The common sea star is a spiny-skinned echinoderm with five pointed arms. It lives mainly on rocks, jetties and pilings in the shallow, salty waters of the lower Chesapeake Bay.
Common sea stars have five pointed arms and hundreds of tiny tube feet on their pale undersides. They vary in color from yellowish-orange to deep purple, and have small, pale spines that give them a rough appearance. A bright red or orange "eye" spot appears in the center of its body. They grow to be approximately five inches.
The common sea star eats snails, clams, oysters, mussels and barnacles. It feeds by latching its tube feet onto its prey’s shells, then prying the shells open just enough for the sea star to reach its stomach inside.
Due to its tough, spiny skin, the common sea star has few predators.
Reproduction and Life Cycle
The sea star spawns by releasing eggs and sperm into the water, where the eggs are fertilized. Females can release up to 2.5 million eggs. Fertilized eggs develop into free-swimming larvae. After about three weeks, the larvae settle and morph into adults.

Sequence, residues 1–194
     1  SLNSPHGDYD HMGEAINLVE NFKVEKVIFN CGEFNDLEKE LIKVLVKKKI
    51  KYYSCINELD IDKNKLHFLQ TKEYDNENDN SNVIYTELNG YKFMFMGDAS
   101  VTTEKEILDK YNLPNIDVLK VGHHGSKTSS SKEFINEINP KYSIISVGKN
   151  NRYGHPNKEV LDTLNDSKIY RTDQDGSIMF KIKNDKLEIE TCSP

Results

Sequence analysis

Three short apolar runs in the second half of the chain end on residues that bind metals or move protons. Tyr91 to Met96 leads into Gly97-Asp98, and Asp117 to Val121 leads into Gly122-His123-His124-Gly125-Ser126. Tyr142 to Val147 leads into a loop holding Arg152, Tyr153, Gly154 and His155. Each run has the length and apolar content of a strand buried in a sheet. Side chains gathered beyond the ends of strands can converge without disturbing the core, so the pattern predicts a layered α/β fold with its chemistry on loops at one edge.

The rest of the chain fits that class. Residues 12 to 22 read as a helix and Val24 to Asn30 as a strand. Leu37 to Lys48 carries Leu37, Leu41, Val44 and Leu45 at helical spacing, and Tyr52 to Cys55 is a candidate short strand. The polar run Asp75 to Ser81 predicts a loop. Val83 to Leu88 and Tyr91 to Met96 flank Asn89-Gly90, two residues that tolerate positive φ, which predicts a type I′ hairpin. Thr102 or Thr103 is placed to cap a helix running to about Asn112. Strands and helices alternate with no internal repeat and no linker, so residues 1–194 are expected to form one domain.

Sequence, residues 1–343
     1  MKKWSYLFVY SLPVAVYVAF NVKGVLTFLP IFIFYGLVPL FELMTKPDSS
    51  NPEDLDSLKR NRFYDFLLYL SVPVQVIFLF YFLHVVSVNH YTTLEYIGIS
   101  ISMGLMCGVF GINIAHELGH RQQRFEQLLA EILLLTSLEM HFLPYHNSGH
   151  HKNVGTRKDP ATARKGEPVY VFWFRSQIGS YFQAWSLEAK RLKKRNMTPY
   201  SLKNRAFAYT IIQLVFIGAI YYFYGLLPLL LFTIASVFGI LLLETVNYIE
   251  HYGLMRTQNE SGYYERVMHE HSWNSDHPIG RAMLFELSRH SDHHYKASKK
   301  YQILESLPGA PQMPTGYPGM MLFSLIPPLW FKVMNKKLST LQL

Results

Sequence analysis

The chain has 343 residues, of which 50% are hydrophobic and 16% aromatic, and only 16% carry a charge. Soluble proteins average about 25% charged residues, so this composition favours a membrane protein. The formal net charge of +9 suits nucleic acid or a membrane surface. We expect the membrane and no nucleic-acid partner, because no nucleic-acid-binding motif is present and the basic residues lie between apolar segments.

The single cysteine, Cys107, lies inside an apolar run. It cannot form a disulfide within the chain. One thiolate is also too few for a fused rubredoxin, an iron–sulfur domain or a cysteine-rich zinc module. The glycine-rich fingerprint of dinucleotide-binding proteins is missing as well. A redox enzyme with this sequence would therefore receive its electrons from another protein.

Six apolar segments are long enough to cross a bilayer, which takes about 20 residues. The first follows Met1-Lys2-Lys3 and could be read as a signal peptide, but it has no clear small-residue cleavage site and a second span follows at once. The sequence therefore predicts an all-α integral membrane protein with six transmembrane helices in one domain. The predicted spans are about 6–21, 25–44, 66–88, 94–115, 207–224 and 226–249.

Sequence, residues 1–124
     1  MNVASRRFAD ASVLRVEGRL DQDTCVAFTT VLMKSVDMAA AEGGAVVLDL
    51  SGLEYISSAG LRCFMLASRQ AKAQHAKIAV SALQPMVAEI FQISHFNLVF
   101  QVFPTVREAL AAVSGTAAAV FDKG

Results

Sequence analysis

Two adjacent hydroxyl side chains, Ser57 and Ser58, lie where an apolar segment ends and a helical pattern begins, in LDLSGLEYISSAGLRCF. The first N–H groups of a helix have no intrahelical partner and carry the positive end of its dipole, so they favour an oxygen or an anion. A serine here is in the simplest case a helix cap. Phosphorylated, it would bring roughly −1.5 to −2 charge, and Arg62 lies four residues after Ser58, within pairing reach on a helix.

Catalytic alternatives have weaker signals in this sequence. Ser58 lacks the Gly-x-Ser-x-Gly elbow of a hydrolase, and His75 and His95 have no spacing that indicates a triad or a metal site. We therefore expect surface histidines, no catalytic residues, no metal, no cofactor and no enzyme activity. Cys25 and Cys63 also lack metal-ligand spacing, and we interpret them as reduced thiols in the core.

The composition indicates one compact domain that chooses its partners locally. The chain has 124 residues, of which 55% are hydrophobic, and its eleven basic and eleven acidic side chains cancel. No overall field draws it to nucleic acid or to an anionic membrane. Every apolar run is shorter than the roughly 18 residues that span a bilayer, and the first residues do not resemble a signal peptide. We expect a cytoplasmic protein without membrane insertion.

Did You Know?
Sea stars are more commonly referred to as starfish.
They are related to sea cucumbers: both are echinoderms, which means “spiny-skinned.” All echinoderms have five-part radial symmetry.
An active sea star can travel one mile in about a week.
If a sea star loses an arm, it can quickly grow a new one. Sometimes it overcompensates and grows an extra arm or two. This is why sea stars with six or more arms are occasionally found.